Cod pots are considered seal-safe fishing gear and are proposed as a solution to mitigate the ongoing seal-fisheries conflict in the Baltic Sea. This study examined various factors which could affect the entry and exit behaviour of cod in relation to cod pots. Statistical modelling was used to determine which of these factors most affected the pots’ catch per unit effort (CPUE). Two fishing trials were conducted off the coast of Bornholm, Denmark, using six pot types with different design features, equipped with underwater camera systems to record the behaviour of the cod in relation to the pots. Four pot types were floating pots with one entrance and two were bottom standing with three entrances. Different pot types showed significantly different CPUEs and the pot type was an explanatory factor for entry and exit rates for both trials. In trial 1 artificial light was used for filming and results showed an increase in entry rates during the night time, suggesting that lights attract fish to the pot when the dark surroundings make the effect of the light more noticeable. Exit rates in trial 1 increased with an increasing number of fish in the pot while they decreased with soak time. In trial 2, when no artificial light was used, a saturation effect was found in that the probability of cod entering the pot lessened as the number of cod already in the pot increased. However, the exit rates in trial 2 also decreased with increasing number of fish in the pot. The study offers greater depth to the understanding of CPUE results by examining fish behaviour around the pots and not just the raw catch data. This in turn contributes to the ongoing search for the most favourable pot designs.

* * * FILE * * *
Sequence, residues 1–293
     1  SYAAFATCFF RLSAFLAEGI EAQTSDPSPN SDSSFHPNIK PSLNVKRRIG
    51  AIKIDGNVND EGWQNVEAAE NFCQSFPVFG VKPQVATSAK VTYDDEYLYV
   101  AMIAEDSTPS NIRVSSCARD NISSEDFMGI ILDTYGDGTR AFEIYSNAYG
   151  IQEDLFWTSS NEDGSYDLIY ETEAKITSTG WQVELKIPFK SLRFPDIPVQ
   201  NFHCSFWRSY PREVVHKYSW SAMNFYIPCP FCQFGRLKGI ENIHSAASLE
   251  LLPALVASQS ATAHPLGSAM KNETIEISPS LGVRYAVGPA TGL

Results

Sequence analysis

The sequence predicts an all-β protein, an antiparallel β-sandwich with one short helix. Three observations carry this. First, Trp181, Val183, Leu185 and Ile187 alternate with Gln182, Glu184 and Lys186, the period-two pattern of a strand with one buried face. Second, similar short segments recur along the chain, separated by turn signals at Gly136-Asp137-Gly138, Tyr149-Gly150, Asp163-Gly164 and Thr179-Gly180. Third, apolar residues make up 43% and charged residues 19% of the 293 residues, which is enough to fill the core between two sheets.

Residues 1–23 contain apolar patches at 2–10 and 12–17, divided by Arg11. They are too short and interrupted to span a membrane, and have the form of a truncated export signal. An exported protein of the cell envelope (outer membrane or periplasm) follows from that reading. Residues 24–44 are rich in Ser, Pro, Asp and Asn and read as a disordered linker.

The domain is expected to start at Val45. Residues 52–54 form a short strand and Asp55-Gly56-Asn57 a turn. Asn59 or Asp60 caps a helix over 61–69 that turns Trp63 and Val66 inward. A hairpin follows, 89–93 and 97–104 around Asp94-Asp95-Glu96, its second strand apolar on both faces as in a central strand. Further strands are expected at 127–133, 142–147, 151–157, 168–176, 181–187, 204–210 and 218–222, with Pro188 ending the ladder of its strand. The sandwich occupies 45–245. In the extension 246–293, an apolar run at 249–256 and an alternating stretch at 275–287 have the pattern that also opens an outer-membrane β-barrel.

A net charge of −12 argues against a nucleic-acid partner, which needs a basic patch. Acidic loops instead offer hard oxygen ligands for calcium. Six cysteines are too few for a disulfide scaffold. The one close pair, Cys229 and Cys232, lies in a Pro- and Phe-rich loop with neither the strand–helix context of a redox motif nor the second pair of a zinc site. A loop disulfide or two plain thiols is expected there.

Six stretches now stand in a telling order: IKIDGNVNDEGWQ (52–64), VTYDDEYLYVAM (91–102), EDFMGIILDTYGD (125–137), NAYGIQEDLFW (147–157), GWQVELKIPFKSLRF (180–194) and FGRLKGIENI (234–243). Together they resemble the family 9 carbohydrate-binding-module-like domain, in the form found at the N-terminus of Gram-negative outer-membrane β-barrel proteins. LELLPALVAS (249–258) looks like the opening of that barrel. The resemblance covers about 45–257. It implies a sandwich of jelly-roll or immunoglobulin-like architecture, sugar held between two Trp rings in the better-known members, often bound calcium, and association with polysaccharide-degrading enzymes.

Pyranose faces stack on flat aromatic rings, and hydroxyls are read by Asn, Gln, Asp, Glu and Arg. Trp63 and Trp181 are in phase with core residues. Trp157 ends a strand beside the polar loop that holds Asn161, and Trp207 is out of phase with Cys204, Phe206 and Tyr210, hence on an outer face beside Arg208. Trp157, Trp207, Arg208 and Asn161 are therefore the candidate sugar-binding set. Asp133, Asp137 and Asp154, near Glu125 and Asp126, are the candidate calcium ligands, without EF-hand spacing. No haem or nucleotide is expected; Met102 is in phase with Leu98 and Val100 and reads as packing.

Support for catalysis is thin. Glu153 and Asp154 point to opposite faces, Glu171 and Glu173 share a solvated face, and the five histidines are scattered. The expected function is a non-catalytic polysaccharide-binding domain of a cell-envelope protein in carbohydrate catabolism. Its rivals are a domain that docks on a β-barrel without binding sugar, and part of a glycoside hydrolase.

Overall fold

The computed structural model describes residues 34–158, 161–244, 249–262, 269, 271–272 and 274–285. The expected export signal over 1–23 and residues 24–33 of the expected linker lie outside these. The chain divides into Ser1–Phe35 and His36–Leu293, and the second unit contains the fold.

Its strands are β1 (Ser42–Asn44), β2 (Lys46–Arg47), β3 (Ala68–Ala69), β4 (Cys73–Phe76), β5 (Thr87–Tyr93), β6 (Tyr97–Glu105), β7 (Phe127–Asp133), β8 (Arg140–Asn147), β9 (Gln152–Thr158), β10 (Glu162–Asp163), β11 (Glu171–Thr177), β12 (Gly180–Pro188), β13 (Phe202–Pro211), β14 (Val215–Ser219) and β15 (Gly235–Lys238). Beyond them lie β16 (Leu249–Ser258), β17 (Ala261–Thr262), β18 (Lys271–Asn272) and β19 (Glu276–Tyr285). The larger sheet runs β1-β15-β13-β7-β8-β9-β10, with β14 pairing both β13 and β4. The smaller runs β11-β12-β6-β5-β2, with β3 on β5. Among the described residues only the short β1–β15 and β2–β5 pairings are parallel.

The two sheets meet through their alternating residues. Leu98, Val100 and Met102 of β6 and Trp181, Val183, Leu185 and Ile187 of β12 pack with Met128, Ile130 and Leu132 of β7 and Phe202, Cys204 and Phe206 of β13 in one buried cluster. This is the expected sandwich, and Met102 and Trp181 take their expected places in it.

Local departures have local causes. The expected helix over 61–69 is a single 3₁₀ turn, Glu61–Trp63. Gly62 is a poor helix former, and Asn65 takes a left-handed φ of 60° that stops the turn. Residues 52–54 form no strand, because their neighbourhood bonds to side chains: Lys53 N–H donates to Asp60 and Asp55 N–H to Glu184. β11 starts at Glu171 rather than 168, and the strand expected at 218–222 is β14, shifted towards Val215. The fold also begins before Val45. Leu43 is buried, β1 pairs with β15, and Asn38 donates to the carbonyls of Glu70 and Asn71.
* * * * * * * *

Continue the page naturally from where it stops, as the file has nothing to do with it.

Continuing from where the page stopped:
|Journal||The Journal of Ocean Technology|
|Publication status||Published - 2016|